Monday, 22nd April 2024

11/25/2013: State of the Big Ten, Volume 108 (premium)

Posted on 25. Nov, 2013 by in Iowa Basketball, Iowa Football


Every Monday, we will be running a weekly series titled “State of the Big Ten,” which will be made available to all members of This series of columns will focus on one major headline regarding the conference and go in-depth on the subject at hand.

By Brendan Stiles

Five days from now, one of college football’s biggest rivalries reconvenes when No. 3 Ohio State and Michigan tangle in “The Big House.” For the Buckeyes, there’s plenty at stake and this is something that will be examined further next week.

As for the Wolverines, this is the team that this space will focus on here. Because right now, things appear to be a mess up there in Ann Arbor, Mich.

The 2013 season started out promising for Michigan after it opened up 5-0. It didn’t necessarily look impressive reaching that 5-0 mark, but a win’s a win. Even after losing in four overtimes to Penn State, the Wolverines beat Indiana at home the following week and entered their Nov. 2 showdown against Michigan State at 6-1 and ranked higher than the Spartans.

But then came November. Then came the humiliation Michigan received from its in-state rival. Then came the Wolverines’ first loss in “The Big House” during the Brady Hoke era on Nov. 9 to Nebraska. Michigan did pull off a miraculous win at Northwestern that took a last-second field goal for the ages and three overtimes and holding a 21-7 lead at Iowa last weekend, things appeared to get back on track.

Yet the Wolverines’ second half against the Hawkeyes could only be described as disastrous. A lot of that has to be credited to Iowa’s defense, which held Michigan to just 45 yards of total offense in that second half. But 45 total yards? Michigan? That’s a major issue.

Here are the Wolverines sitting at 7-4 entering their annual showdown with Ohio State and they’re probably looking at 7-5 after Saturday, which would include a 3-5 mark in Big Ten play. For some teams like an Iowa or Minnesota, winning 7-8 games this season has to be viewed a success. By Michigan’s standards, it can’t be viewed that way.

Last season was one that turned out to be very predictable. Michigan went 8-5, but the eight wins came in games it was expected to win and the five losses were games the Wolverines were expected to lose. This season has been a step back, which is kind of remarkable considering how much was said about Michigan being able to implement more of what offensive coordinator Al Borges wanted to do upon arriving in Ann Arbor with Hoke.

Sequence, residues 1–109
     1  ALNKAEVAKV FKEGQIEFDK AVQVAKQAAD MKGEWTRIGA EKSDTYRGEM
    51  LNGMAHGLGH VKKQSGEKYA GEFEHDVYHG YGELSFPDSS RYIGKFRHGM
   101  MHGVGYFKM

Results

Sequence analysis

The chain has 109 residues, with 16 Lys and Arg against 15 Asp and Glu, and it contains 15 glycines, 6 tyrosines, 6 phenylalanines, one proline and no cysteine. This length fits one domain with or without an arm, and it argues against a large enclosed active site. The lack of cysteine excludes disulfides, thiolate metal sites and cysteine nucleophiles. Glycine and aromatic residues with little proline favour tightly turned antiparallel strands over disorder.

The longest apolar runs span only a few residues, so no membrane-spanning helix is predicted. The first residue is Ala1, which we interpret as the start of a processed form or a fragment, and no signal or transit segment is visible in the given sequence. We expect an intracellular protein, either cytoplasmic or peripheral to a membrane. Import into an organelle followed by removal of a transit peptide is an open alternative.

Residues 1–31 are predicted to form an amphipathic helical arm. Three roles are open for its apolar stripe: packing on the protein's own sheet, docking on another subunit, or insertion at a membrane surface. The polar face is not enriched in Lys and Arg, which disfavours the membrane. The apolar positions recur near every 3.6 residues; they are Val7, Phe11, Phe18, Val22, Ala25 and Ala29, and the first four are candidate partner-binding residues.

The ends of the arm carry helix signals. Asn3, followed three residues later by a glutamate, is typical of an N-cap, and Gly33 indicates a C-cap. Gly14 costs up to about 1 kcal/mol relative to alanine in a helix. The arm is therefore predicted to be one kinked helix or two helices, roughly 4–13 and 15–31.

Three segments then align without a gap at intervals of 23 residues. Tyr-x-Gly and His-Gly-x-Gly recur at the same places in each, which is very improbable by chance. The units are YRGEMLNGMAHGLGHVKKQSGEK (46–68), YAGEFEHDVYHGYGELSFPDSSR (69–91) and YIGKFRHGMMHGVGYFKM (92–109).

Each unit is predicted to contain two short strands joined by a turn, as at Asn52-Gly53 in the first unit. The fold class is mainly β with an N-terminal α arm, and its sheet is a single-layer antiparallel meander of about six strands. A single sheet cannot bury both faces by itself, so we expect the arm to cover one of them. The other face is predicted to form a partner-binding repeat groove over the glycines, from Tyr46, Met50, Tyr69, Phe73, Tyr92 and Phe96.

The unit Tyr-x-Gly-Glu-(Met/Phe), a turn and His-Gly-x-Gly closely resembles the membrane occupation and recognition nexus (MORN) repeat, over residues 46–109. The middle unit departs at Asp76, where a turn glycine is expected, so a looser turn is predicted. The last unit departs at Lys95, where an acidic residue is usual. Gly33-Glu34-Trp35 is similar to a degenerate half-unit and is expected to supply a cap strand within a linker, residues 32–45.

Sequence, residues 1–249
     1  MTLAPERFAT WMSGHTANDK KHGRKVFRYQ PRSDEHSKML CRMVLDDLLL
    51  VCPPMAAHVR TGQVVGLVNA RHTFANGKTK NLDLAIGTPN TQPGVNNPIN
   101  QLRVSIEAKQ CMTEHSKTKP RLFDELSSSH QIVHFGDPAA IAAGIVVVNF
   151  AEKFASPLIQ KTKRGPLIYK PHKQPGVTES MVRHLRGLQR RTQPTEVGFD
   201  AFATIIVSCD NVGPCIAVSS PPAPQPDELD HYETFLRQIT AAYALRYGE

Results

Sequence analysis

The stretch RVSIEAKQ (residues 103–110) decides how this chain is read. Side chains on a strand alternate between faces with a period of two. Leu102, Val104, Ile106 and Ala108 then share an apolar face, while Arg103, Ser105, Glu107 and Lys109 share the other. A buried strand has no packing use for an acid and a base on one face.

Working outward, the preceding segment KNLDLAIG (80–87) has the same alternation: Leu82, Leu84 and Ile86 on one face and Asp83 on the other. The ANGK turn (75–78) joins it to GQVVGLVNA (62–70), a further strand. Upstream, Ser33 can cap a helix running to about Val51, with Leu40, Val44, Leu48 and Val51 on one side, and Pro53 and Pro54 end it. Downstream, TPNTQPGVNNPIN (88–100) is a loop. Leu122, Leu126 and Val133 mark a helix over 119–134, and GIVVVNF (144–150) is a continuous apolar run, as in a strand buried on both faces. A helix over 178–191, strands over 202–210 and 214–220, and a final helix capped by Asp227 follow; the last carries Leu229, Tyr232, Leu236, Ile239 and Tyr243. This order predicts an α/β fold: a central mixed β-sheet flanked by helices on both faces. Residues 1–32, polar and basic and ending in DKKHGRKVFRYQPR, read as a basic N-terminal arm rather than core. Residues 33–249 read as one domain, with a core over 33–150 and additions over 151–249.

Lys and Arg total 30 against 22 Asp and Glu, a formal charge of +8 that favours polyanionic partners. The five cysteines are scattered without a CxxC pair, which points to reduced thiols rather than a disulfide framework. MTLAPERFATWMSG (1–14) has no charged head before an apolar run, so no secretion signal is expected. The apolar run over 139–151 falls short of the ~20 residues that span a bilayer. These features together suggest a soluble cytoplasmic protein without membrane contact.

Michigan might still end up in a game like the Buffalo Wild Wings Bowl, presumably against Texas and former defensive coordinator Greg Robinson. This isn’t to say Hoke or anyone on his staff shouldn’t be retained, but if given the parameters that surround a program like Michigan, it’s fair to say Hoke might be on the hot seat in 2014.

The Wolverines might not be favored to win the Big Ten’s East Division next season, but in terms of talent, Michigan’s the one team that will be capable of hanging with Ohio State. One thing Hoke has done tremendously well is recruit. Those high-caliber high-school players he’s bringing in are about to become upper-classmen. By this point in time, Michigan should be considered a heavy favorite to win the Big Ten, yet might not be in Year Four.

A busy offseason awaits Hoke and his staff in Ann Arbor. If the offense continues to regress like it has — and it’s worth mentioning that Devin Gardner was granted an extra season of eligibility, so he’ll be back in 2014 — then the Wolverines are going to continue struggling and changes might need to be made. Some of this is on coaching, some of it on the players.

Maybe it changes for the better on Saturday, or in Michigan’s bowl game, or next year. Or maybe it never changes and the offense remains complacent. Either way, the pressure’s growing on Hoke because fans up there are going to become more impatient with more performances like the ones the Wolverines have had in November.

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